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Kalinjar is a fortress-city in the Bundelkhand region of central India. Kalinjar is located in Banda District of Uttar Pradesh state, near the temple-city and World Heritage Site of Khajuraho. The fortress is strategically located on an isolated rocky hill at the end the Vindhya Range, at an elevation of 1,203 feet (367 m) and overlooks the plains of Bundelkhand. It served several of Bundelkhand’s ruling dynasties, including the Chandela dynasty of Rajputs in the 10th century, and the Solankis of Rewa. The fortress contains several temples dating as far back as the Gupta dynasty of the 3rd-5th centuries.

Kalinjar means The destroyer of time in Sanskrit. ‘Kal’ is time and ‘jar’ destruction. Legend says that after manthan Hindu God, Lord Shiva, drank the poison and his throat became blue (hence the name Neel (blue) Kantha (throat)) and he came to Kalinjar and overcome the ‘Kal’ i.e. he achieved victory over death. This is the reason the Shiva temple at Kalinjar is called Neelkanth. Since then, the hill has been considered a holy site, casting its shadow across the patches of grasslands as well as the densely forested valley. The natural splendor of the surroundings makes it an ideal place for penance and meditation and, surprisingly, a strange mystique still pervades all over the hill.

The majesty and grandeur witnessed within Kalinjar’s precincts is due to the Bargujar rulers’ creative imagination, their highly developed aesthetic sense and religious fervor. Though they were great devotees of Lord Shiva, they also showed great interest in the construction of temples of other deities. The massive rock cut sculptures include figures of various gods and goddesses from ancient mythological themes. Wherever the Bargujar established their reign they left their mark in the form of fine works of art, stone images, and sculpture.The western part of the fort contains the temple of Neelkanth Mahadev, which allows views of a shivalinga through a cave-like opening. Just above the temple is a natural water source that never dries up and water continually drips onto the shivalinga. The priests, who have been Chandela Rajputs since the time of the Chandela kings have pointed out that the neck of the sculpture of Lord Shiva on the shivalinga, though made of solid rock, is always moist to touch. This is a reminder of the “neelkantha” or drinking of poison story from the epic Bhagavata Purana.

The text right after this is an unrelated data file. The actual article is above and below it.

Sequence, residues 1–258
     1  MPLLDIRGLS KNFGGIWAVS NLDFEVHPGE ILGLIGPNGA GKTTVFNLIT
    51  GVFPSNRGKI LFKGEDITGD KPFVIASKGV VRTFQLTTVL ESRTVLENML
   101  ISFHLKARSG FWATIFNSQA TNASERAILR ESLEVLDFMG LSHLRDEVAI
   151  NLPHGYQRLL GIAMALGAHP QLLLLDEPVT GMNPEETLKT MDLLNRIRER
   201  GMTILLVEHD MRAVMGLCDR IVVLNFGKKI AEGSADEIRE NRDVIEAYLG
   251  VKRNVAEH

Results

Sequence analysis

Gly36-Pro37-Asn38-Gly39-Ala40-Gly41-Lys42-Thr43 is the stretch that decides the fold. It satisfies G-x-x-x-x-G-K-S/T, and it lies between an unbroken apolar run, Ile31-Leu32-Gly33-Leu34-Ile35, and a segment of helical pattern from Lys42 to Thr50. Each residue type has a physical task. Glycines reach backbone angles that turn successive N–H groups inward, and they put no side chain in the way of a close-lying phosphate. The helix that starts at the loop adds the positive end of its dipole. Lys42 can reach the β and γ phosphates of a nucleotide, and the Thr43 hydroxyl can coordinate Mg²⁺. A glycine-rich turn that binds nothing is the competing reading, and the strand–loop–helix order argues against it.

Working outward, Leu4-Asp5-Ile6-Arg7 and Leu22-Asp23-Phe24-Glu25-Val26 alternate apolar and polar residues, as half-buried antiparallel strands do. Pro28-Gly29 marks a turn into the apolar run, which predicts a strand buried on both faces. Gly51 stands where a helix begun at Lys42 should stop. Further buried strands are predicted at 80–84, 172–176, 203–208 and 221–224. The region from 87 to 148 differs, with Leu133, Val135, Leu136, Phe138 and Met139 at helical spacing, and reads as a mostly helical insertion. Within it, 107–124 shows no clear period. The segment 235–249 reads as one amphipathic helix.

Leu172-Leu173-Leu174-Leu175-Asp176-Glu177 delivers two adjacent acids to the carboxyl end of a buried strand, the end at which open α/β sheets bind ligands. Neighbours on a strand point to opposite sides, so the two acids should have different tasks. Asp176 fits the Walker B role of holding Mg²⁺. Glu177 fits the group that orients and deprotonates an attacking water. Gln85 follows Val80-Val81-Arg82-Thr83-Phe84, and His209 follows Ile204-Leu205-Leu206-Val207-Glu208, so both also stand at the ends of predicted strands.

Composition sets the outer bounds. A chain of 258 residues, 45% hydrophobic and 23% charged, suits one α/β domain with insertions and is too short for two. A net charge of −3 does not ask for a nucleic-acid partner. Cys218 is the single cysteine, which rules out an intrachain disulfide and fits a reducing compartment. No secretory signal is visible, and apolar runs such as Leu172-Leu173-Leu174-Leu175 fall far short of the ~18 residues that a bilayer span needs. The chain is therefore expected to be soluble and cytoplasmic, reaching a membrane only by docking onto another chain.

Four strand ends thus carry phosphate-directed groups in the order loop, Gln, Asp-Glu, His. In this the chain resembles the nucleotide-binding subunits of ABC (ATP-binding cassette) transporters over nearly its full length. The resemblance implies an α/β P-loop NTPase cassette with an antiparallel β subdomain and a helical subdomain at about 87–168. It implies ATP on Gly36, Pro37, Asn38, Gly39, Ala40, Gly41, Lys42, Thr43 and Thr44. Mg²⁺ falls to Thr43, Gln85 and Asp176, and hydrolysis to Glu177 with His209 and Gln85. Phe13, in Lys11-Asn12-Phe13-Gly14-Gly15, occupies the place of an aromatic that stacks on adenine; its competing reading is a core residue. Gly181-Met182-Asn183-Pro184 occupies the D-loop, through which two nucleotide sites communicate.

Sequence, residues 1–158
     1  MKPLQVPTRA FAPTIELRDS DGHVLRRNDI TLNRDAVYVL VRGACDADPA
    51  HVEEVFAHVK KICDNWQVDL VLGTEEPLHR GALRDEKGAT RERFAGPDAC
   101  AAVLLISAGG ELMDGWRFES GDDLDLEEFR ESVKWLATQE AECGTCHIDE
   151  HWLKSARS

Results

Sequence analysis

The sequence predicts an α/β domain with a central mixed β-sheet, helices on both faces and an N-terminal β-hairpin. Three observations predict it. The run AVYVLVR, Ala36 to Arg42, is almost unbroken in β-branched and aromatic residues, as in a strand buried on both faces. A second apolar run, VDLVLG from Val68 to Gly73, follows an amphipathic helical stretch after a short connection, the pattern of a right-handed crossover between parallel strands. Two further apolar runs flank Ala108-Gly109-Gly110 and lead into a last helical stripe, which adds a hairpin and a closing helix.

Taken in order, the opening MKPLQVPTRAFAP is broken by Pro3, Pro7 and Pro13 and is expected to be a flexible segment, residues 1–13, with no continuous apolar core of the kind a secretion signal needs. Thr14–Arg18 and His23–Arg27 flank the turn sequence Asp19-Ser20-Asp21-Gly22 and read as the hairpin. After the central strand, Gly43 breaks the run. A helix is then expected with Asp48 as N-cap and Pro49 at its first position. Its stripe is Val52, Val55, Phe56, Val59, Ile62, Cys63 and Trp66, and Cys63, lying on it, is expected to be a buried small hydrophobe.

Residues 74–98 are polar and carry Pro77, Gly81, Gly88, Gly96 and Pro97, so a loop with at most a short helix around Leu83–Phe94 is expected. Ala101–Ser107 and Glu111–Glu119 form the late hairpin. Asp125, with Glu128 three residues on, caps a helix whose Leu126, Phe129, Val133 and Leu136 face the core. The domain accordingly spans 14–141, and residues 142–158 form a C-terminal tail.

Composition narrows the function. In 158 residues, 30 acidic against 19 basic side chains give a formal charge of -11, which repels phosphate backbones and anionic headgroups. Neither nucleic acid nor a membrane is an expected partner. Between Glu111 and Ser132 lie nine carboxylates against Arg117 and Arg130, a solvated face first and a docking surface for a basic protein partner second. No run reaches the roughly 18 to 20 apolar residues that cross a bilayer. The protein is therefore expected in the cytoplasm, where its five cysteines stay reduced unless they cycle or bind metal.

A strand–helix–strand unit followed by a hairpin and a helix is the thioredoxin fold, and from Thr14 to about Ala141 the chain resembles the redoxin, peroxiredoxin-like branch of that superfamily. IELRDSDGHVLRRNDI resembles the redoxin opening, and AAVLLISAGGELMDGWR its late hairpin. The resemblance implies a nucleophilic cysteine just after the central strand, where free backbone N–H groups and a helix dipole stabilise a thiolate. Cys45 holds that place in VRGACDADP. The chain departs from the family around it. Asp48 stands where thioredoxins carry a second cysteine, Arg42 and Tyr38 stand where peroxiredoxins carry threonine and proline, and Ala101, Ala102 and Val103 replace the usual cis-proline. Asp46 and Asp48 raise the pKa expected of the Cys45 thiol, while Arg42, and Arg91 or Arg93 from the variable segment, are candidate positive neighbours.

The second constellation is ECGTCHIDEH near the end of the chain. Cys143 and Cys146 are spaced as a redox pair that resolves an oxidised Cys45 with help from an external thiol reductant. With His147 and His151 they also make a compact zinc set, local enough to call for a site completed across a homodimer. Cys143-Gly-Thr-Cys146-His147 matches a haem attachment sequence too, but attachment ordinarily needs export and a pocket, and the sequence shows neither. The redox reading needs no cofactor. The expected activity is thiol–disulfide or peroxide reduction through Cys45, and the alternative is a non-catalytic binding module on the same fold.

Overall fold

Close to the Shivlinga Cave stand the idols of Bhairava and goddess Parvati, made of black stone. Images of numerous gods and goddesses are carved on both sides of the gateway. A number of broken pillars are set at regular distances on which it is said six-storey constructions were raised, but later demolished. There are numerous rock-cut sculptures showing neglect and the ravages of time.
Another sight is the Palace of Prince Aman Singh who was the descendant of King Chhatrasal. A number of legends are associated with this Mahal whose big lawns and walls unfold the long history of Chandela culture. Thousands of broken and decayed images made of granite and sandstone have been collected here in an informal museum.

There are also many Trimurti images showing the faces of Brahma, Vishnu and Mahesh (Shiva). Some distance away is a massive figure of Vishnu lying in the ocean of milk, enclosed within the coils of the Sheshnag. The images depict Lord Shiva, the god of love Kamadeva and Indrani the wife of Indra amongst others and show the influence of diverse cultures and religions. It also indicates that the creation of the Chandela culture was not the handiwork of artists from one region.The Bargujar princes who ruled before the Chandelas were influenced by the ‘Shaiva’ cult. Therefore, among the rock-cut and stone images are mostly those of Shiva, Parvati, Nandi and the Shivlinga. Shiva is seen at times in his dancing posture of tandava and at others in a close embrace with goddess Parvati.There are other attractions including the Venkat Bihari Temple, the ‘pond of million tirthas’, which is said to cure skin ailments along with aquatic features such as the Sita-kund, Pandu-kund, and Patal-ganga.Metalled roads have been built through the mountainous passage along which people can travel to reach the fort. Alternatively, an old beaten track cuts its way through the rough and rocky terrain with seven magnificent gates along its course.